Give Clark County Commissioner Tom Collins credit for being right about a couple of things.
First, he’s right to push for increasing the county’s sales tax rate by 0.15 percentage points to raise money for existing and new police jobs. The sales tax is far from the best way to fund the department, but it is the only option currently available to commissioners, unless they’re willing to re-open the general fund budget and toss some money Metro’s way.
Which, by the way, they’re not. So the sales tax is it.
Second, Collins is right when he says you can’t say you support police but withhold your vote when it comes time to pay the bill. Commissioners can talk about how they love cops, but it’s clear at this point only three of them love Metro enough to vote for the full tax. (And yes, I’m aware the county has many other priorities, some of them involving life and death, such as University Medical Center or family services.)
So while Collins’ efforts to get Las Vegas Valley police agencies the maximum allowable tax is a noble effort, we have to understand that it’s also the reason Metro brass left the Government Center last week with zero instead of half a loaf. Collins intentionally torpedoed a compromise proposal offered by Commissioner Susan Brager to allow a 0.075-percentage point increase, or half of what the Legislature authorized earlier this year. Collins believes that’s just not enough, and he voted no, denying Brager’s compromise the essential fifth vote necessary to pass. (The Legislature required a two-thirds supermajority, or five votes, for an increase.)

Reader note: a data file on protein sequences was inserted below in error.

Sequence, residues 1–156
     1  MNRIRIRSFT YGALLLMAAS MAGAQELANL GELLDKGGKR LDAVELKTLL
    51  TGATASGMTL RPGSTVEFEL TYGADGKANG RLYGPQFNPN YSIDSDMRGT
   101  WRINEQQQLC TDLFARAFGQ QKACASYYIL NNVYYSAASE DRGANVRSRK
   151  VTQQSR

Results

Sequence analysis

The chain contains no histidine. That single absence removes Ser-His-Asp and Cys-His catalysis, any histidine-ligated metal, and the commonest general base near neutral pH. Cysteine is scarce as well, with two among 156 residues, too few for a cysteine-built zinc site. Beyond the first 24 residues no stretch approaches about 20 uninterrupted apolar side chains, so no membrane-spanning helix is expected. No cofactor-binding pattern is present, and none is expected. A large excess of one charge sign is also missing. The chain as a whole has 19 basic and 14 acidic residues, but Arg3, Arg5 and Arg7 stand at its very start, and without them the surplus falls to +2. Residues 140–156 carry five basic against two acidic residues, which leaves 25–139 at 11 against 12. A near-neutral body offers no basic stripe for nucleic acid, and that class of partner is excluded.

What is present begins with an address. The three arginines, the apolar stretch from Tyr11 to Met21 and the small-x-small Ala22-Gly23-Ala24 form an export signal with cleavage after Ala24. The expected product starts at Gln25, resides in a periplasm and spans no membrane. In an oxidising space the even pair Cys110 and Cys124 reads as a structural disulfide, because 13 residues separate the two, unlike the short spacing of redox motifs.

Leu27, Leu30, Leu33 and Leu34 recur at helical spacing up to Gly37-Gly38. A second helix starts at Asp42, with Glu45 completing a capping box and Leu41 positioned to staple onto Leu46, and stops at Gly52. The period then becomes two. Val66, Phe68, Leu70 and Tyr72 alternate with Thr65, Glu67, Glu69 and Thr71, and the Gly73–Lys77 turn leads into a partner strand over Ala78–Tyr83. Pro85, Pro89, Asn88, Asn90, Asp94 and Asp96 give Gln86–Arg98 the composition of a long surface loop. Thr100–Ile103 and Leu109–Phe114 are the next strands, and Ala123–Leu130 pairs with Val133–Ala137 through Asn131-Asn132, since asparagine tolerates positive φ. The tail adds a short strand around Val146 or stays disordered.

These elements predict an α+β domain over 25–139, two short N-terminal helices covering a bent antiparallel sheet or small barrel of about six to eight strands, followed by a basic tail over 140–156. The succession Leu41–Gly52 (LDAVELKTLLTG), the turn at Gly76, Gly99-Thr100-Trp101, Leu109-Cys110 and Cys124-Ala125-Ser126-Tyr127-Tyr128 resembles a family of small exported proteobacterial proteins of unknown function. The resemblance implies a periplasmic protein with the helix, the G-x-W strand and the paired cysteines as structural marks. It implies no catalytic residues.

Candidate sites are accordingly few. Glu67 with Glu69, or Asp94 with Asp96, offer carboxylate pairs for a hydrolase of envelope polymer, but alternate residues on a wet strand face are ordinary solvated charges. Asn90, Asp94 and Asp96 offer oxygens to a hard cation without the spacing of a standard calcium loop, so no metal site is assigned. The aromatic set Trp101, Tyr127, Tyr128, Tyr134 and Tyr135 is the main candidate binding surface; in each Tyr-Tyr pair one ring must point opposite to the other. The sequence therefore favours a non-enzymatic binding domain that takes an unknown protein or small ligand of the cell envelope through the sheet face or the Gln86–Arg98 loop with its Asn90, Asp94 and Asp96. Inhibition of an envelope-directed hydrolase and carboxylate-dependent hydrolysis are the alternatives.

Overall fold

Collins, undeterred, was back by week’s end with a “compromise” proposal of his own: Pass some of the tax so it takes effect in April (say, perhaps, 0.12 percentage points) and the rest so it takes effect in July (say, the remaining 0.03 percentage points).
In other words, do it his way, but do it his way more slowly.
Brager, however, is sticking to her position just as adamantly as Collins is sticking to his: There’s no way she’ll go for a plan that puts the full 0.15 into effect. And since she has one of the votes necessary to pass Collins’ plan, it’s a no go. Then again, Collins has the vote necessary to pass or kill her plan, so that’s a no go, too.
I don’t want to suggest Collins is being unreasonable (after all, I already said I agree with his stance to pass the entire tax). But what if he instead proposed passing the 0.075-percentage-point plan (for which there are five votes, if he’d agree to vote aye). Then, agree to allow the other 0.075 to go into effect in January or July 2015, unless the county voted to suspend it.
Sheriff Doug Gillespie said he’d rather get something than nothing, although he says the full amount is the only way to actually hire new officers. And the momentum would be with Metro to demonstrate it’s using the money well in the year or so before the next vote.
There’s no guarantee, however, the commission would allow the latter half to go into effect, and commissioners could reserve the right to vote against the latter half of the tax. On the other hand, the only guarantee we have now is that the Collins proposal and the Brager proposal will languish without the vital fifth vote if both sides fail to compromise.
Something is always better than nothing, and in politics, incremental progress beats an inadequate status quo every time. So, how about it, commission?
Steve Sebelius is a Las Vegas Review-Journal political columnist and author of the blog SlashPolitics.com. Follow him on Twitter (@SteveSebelius) or reach him at (702) 387-5276 or firstname.lastname@example.org.